At the same time, many other blockchains are giving Ethereum a run for its money. Some of the biggest “Ethereum killers” include Solana, Cardano, Near Protocol, Polkadot and Avalanche. These blockchains differ in how they approach the challenge of scalability–Solana, for example, relies on a combination of both software and hardware innovation, while Near Protocol uses a highly technical concept of distributed database management called ‘sharding’ which splits up the blockchain into different paths.
What is becoming apparent, however, is that each approach comes with a trade-off. Solana, for example, is much more scalable than Ethereum with reportedly 65,000 TPS, but this is in part due to centralization in order to achieve greater efficiency. This degree of centralization, in turn, created single points of failure resulting in 12 outages–in the first six months of 2022 alone.
Who is behind Ethereum?
Vitalik Buterin first proposed Ethereum in his 2013 white paper, which outlined the goal to build decentralized applications. He subsequently dropped out of his computer science program at the University of Toronto after receiving a $100,000 grant from the Thiel Foundation to work on Ethereum full-time. Ethereum was subsequently co-founded by eight individuals including Buterin, two of whom have gone on to establish competing blockchains.
Gavin Wood, who served as the first CTO at the Ethereum Foundation, authored the yellow paper defining the EVM and developed the Solidity programming language in which most Ethereum smart contracts are written, went on to co-found Polkadot (DOT) since leaving Ethereum in 2016. Charles Hoskinson helped establish the Ethereum Foundation in Switzerland, but left the project shortly after to found another “Ethereum killer” Cardano (ADA).
Ethereum Coin (ETH) Price History [Updated Sep 2022]
Ethereum all-time price history (Source: CoinMarketCap)
While the price of Ethereum’s ETH coin has performed well in the long-term, it has fallen significantly in the short-term. The coin rose from $1,563 on February 28, 2021 to $2,633 in February 2022, and peaked at $4,805 in November 2021.
It has since sharply fallen by roughly 75%. As of Sep 2022, Ethereum is trading for $1,264, mirroring the downward trend of Bitcoin as global market sentiment turns bearish.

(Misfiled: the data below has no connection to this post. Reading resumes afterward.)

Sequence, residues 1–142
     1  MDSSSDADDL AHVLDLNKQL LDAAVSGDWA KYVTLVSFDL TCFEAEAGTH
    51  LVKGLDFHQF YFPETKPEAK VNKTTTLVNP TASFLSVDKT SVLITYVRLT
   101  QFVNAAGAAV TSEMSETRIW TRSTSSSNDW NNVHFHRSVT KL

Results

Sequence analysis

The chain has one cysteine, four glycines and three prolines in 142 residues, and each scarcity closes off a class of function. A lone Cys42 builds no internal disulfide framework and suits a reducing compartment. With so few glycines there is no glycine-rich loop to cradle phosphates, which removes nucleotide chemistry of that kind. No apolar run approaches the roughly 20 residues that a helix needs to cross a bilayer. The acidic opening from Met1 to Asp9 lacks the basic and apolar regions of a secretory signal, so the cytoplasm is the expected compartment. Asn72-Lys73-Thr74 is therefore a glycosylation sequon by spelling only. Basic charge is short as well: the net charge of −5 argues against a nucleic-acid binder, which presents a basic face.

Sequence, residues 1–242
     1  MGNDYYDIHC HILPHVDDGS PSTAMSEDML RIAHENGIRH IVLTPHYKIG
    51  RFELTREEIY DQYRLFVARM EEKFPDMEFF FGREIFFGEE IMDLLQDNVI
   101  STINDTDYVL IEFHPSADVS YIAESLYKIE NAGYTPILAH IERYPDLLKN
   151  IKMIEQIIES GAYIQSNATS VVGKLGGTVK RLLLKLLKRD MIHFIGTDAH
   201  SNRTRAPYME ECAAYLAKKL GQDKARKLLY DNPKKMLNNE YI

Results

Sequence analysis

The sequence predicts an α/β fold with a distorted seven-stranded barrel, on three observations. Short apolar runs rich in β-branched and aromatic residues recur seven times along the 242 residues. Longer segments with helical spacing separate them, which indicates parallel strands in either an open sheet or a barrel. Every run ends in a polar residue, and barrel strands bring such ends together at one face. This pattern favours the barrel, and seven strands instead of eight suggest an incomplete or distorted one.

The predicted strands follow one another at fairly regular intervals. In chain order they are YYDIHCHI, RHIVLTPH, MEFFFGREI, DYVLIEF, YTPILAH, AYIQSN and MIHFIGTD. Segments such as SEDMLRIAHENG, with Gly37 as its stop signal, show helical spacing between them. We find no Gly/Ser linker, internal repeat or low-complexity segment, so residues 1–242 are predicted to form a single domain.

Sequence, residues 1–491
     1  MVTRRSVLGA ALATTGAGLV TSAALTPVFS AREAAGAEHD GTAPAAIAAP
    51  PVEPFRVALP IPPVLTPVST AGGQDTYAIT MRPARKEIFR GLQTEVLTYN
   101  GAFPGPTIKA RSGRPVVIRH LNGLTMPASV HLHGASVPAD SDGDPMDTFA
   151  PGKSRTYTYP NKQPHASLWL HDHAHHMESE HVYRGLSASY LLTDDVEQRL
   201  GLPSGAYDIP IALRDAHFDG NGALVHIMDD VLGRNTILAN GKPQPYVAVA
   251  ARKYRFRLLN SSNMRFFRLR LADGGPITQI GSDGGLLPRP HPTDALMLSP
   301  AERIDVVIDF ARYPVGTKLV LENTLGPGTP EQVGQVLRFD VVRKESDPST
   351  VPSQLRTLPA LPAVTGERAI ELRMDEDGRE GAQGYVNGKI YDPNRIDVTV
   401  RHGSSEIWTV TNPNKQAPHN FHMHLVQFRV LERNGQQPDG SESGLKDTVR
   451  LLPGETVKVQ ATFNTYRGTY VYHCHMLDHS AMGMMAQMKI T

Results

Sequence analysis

This has been a bit disappointing for Ethereum bulls–prices were expected to rise much more given it has just completed its long-anticipated upgrade to a proof-of-stake blockchain otherwise known as the “Merge.” However, fears surrounding more interest rate hikes by the US Federal Reserve have impacted not just the crypto but broader financial markets.
Ethereum is currently ranked #2 by market cap.
How To Buy Ethereum?
Phemex offers both spot and contract trading for investors to choose from. However, for beginning crypto buyers, spot trading is recommended. To buy ETH on Phemex, follow the instructions below.
The first step to buying cryptocurrency on Phemex is to register for a trading account (and earn a cool $180 Welcome bonus while you’re at it) by clicking on this button below:
After you’ve set up your account, navigate to Markets on the homepage.
On the Markets tab enter ETH into the search bar on the top right, immediately after, the ETH/USDT trading pair will appear below – select Trade to move on to the next step.
You will then be redirected to the Phemex trading platform for the ETH/USDT pair. To do a simple spot trade we recommend doing a market order where you can buy ETH at the market price. To do so, select Market, enter the amount of USDT you want to buy of ETH, and click Buy ETH.
And that’s it! For a start, you can:
- Start trading it if price appreciates
- Put it to work and earn passive income via the Phemex Earn program (which can give an APY of up to 18.8%)
- Later on, you can experiment with buying NFTs with your ETH on marketplaces such as OpenSea or use it to earn more crypto by playing blockchain games hosted on Ethereum.